A lot of us have bright ideas, dreams and aspirations, however one of the hazards we all have to face is sharing those bright ideas with someone. I refer to it as a hazard because even though sharing new ideas is an unavoidable rite of passage, it sometimes comes with weird reactions, particularly from people you consider to be in your inner circle. So you have a fabulous new idea of opening a restaurant in space, or creating a device that allows you to read people’s minds through their smile, or creating a whole new genre of music just like Fela did; but when you share this idea with a significant person in your life, they just go “Err, this can’t work.” It may seem completely ridiculous to you that someone you trust and hold in high esteem cannot see the appeal of a “spaceturant” and in as much as you might feel upset about that, I think the most likely feeling you would have is discouragement or a sense of deflation.
Let me break it down real quick. You see, discouragement sets in easily in situations like this because one of the reasons you shared the idea in the first place was to receive encouragement. If you don’t get this encouragement, your idea bubble begins to slowly deflate, and for some of us, that has been the end of many good ideas. Another reason we get discouraged is because an idea is our little baby, and the first people who get to see this baby are those closest to you, usually your partner or members of your family. Now imagine you just had a baby and your parents go “Wow, this child definitely didn’t take our looks, I hope she looks better as she grows older.” Thinking of the nine months you carried the baby, or supported your spouse who did it, your reaction will probably be borderline violent, irrespective of how the baby actually looks. This analogy is apt in relation to our ideas, and sometimes, we get violent or at least upset with or friends or family when they do not understand our Einstein moment.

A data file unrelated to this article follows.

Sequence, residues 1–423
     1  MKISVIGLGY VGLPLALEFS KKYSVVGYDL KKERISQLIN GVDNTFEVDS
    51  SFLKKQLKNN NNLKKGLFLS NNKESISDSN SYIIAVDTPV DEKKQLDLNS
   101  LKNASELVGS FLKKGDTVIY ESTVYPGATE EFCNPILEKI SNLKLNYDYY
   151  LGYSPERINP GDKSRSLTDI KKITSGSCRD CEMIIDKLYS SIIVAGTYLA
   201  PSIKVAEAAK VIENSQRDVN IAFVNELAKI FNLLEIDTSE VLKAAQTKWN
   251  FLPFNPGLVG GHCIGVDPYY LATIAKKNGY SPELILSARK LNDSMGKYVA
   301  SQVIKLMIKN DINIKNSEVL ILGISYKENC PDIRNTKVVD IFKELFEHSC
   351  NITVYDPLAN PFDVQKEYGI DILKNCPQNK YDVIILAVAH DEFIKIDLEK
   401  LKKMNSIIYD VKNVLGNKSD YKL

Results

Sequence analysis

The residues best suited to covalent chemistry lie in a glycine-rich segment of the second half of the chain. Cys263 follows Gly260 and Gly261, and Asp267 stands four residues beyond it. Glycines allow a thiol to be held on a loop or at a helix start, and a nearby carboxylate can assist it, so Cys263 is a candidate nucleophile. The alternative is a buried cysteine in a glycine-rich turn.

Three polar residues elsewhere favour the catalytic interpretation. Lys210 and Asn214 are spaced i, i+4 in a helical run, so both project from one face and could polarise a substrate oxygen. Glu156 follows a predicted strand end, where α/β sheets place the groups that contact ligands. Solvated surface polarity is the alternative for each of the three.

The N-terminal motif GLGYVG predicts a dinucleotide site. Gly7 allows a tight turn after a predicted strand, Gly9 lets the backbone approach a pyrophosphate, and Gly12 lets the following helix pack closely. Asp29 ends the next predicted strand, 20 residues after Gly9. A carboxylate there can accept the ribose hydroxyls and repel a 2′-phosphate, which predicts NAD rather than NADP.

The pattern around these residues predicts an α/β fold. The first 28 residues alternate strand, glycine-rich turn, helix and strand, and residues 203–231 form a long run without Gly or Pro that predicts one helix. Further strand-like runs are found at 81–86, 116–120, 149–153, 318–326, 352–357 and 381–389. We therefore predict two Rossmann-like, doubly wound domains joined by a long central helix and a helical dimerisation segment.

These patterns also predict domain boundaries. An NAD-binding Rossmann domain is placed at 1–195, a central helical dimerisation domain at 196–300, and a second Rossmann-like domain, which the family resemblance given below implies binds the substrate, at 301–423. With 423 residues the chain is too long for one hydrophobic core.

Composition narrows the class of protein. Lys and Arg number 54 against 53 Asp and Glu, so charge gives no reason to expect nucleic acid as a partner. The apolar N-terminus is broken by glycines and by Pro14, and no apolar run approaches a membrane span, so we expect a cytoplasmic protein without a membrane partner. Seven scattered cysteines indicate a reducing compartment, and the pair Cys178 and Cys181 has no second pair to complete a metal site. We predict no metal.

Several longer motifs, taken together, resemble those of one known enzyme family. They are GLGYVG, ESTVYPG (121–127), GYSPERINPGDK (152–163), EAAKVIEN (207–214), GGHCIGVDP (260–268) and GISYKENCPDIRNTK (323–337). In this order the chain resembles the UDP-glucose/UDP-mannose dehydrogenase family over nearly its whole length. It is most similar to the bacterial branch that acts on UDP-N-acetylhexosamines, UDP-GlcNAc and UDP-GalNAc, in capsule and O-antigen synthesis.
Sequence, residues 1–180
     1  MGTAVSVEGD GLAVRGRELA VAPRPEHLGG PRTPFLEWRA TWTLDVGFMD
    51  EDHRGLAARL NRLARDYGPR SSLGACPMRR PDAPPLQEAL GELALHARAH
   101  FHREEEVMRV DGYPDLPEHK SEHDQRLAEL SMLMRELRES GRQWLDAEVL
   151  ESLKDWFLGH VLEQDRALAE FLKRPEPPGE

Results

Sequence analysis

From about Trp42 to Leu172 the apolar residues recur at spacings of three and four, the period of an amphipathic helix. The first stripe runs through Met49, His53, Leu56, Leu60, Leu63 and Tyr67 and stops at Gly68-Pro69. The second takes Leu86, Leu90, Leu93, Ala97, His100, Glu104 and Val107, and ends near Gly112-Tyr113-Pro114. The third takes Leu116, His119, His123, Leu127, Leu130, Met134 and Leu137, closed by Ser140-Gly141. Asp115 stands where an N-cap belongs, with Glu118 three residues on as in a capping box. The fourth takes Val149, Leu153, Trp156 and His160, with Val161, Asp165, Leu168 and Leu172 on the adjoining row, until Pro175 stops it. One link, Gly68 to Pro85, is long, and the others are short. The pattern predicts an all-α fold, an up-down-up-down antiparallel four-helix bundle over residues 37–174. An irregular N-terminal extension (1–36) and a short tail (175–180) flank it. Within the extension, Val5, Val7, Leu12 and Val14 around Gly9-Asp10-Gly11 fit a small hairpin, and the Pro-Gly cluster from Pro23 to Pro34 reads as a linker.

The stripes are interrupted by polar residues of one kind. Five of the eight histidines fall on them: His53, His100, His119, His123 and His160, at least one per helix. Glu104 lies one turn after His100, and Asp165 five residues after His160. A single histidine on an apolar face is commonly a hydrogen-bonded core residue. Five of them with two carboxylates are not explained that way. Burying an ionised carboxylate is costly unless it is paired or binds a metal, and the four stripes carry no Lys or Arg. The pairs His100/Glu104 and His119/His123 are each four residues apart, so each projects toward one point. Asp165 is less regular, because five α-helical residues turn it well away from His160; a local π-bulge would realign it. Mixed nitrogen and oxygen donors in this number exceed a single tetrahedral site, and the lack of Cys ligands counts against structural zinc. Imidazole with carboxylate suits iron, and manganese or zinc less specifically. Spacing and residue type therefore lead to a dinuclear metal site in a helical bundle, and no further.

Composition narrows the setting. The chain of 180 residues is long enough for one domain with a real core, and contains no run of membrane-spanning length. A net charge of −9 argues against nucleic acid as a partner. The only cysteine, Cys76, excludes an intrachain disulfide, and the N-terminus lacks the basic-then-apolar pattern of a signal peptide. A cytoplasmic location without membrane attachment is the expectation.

The point of this post (as there must always be a point) is that just because someone is unable to see your idea as valid does not mean the idea is not valid. A trusted person’s failure to encourage you does not make the person bad or unintelligent. I think what is important is to find that very precious balance between knowing when to defy the odds and still execute an idea, or when to take a step back and actually re-evaluate. It is a precious balance, because it is not easily found, but what will probably never go wrong is more research into your idea. So when you receive this criticism, irrespective of how perfect you feel the idea is, you can do a little more research and then decide whether you want to execute your idea as it is, or if you want to fine-tune the idea. Finally, I must say that it is important for you get your drive and validation from within, because sometimes, even the greatest external motivation is never motivation enough, and sometimes, no matter how hard you try to make others see the value of your idea, sadly they never will.
Please share your experiences with any “spaceturant” ideas you have had, and how you dealt with discouraging reactions when you shared the ideas.